Patients bear brunt of pandemic failures

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This article was published 02/03/2022 (214 days ago), so information in it may no longer be current.

 

Throughout the pandemic, many Manitobans have looked to infection and hospitalization rates as the main indicators of how we’re faring in regards to the COVID-19 pandemic. 
But these statistics are only part of the story of how the virus and the Progressive Conservative government’s failure to support the health-care system has led to a failure to protect Transcona residents and Manitobans more broadly. There are countless stories of patients, including many who never contracted COVID-19, who have been subjected to unnecessary and painful healthcare experiences because of a lack of resources to care for them. These stories don’t make it onto the COVID-19 statistics dashboard, but they’re a central part of the history of this pandemic. 
I was recently reminded of how much suffering Manitobans are facing when I was contacted by the Apalit family. Their patriarch, Elias, was recovering from a head injury at Concordia Hospital, relatively close to his wife of 50 years, Florinda. Sadly, owing to a lack of space, his family was informed that he would be transferred hundreds of kilometres away to Minnedosa, where it would be extremely difficult for his family to visit regularly. His daughter Melissa told me that “as my dad was being loaded into the ambulance for transfer, he was confused, and was crying and his departing words to my mom were, ‘What did I do wrong? I want to go home, please help me. Why am I being punished?’” 
I know that many Transcona residents will be relieved that restrictions are beginning to lift and that it will be easier to gather together and socialize. But as the Omicron wave begins to decline, we need to remember our neighbours such as Elias, who are alone and hundreds of kilometres away from their families because this government failed to protect them. We need to make the necessary investments to rebuild our healthcare system so that a preventable situation like this never happens again. That’s why the Manitoba NDP and I are calling for an independent public inquiry into the province’s pandemic response, because we need to get a full picture of what went wrong before we can fix the problems at hand.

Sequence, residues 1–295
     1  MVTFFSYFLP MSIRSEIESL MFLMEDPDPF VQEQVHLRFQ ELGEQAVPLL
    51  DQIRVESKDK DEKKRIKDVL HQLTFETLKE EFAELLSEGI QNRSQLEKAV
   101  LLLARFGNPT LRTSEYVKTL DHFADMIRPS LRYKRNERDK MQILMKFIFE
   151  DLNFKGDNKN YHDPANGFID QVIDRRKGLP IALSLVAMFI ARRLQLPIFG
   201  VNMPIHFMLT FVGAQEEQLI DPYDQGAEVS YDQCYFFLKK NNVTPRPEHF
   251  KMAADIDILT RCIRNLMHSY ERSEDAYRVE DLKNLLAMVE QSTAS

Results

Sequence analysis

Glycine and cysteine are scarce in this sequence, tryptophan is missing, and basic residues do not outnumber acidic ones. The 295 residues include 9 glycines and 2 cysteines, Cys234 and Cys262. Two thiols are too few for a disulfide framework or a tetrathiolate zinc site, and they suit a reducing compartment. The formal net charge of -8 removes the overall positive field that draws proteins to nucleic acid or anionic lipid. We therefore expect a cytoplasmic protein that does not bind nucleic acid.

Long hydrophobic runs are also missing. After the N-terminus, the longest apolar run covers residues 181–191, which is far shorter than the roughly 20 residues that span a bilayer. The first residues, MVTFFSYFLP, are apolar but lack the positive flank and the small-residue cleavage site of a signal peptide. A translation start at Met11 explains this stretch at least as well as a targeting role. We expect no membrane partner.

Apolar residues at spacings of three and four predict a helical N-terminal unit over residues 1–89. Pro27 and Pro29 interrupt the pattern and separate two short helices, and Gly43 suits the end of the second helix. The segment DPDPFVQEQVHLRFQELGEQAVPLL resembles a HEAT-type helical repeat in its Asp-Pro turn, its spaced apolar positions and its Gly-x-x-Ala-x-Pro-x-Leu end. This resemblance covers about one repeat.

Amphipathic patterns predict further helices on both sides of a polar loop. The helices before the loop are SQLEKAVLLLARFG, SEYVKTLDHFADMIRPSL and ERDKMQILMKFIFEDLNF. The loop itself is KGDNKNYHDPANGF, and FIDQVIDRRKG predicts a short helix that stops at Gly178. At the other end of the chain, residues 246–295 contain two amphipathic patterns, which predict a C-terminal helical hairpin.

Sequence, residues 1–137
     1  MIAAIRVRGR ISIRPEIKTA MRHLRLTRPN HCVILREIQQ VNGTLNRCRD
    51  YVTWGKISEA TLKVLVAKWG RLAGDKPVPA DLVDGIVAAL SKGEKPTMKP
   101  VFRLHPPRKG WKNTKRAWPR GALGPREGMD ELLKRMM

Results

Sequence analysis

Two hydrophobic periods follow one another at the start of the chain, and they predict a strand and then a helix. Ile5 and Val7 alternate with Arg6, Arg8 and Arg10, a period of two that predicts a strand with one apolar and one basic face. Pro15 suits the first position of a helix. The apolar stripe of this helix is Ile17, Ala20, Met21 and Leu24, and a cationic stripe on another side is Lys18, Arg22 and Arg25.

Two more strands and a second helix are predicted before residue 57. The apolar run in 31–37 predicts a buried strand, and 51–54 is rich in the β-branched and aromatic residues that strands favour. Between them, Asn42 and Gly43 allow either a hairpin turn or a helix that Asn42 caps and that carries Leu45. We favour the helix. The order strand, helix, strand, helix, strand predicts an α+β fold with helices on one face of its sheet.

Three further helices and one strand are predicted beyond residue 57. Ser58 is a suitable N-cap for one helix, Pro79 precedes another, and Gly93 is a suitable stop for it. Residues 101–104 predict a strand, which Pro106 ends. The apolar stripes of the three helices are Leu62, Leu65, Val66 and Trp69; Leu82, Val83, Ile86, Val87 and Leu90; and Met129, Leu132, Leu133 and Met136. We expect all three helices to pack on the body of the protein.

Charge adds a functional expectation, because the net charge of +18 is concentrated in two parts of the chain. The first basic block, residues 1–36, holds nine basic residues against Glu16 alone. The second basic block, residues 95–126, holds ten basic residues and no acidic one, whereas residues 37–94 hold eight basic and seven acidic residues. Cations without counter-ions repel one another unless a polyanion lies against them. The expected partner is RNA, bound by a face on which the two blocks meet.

Have you or your loved ones had necessarily painful experiences with the healthcare system recently? I want to hear about it. Contact my office at 204-594-2025 or email me at nello.altomare@yourmanitoba.ca 

 

Throughout the pandemic, many Manitobans have looked to infection and hospitalization rates as the main indicators of how we’re faring in regards to the COVID-19 pandemic. 

John Woods / Winnipeg Free Press Elias Apalit, depicted here in photos held by his daughter, Melissa Carter, was recently transferred from Concordia Hospital to a facility in Minnedosa, Man., for treatment for a head injury owing to a lack of space created by the COVID-19 pandemic.

But these statistics are only part of the story of how the virus and the Progressive Conservative government’s failure to support the health-care system has led to a failure to protect Transcona residents and Manitobans more broadly. There are countless stories of patients, including many who never contracted COVID-19, who have been subjected to unnecessary and painful healthcare experiences because of a lack of resources to care for them. These stories don’t make it onto the COVID-19 statistics dashboard, but they’re a central part of the history of this pandemic. 

I was recently reminded of how much suffering Manitobans are facing when I was contacted by the Apalit family. Their patriarch, Elias, was recovering from a head injury at Concordia Hospital, relatively close to his wife of 50 years, Florinda. Sadly, owing to a lack of space, his family was informed that he would be transferred hundreds of kilometres away to Minnedosa, where it would be extremely difficult for his family to visit regularly. His daughter Melissa told me that “as my dad was being loaded into the ambulance for transfer, he was confused, and was crying and his departing words to my mom were, ‘What did I do wrong? I want to go home, please help me. Why am I being punished?’” 

I know that many Transcona residents will be relieved that restrictions are beginning to lift and that it will be easier to gather together and socialize. But as the Omicron wave begins to decline, we need to remember our neighbours such as Elias, who are alone and hundreds of kilometres away from their families because this government failed to protect them. We need to make the necessary investments to rebuild our healthcare system so that a preventable situation like this never happens again. That’s why the Manitoba NDP and I are calling for an independent public inquiry into the province’s pandemic response, because we need to get a full picture of what went wrong before we can fix the problems at hand. 

Have you or your loved ones had necessarily painful experiences with the healthcare system recently? I want to hear about it. Contact my office at 204-594-2025 or email me at nello.altomare@yourmanitoba.ca 

Nello Altomare

Nello Altomare
Transcona constituency report

Nello Altomare is the NDP MLA for Transcona.

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